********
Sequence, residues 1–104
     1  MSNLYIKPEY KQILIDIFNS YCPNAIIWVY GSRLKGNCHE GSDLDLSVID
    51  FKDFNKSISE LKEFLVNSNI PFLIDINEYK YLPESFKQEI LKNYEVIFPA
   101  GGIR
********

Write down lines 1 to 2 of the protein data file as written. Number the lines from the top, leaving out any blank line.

Sequence, residues 1–104
     1  MSNLYIKPEY KQILIDIFNS YCPNAIIWVY GSRLKGNCHE GSDLDLSVID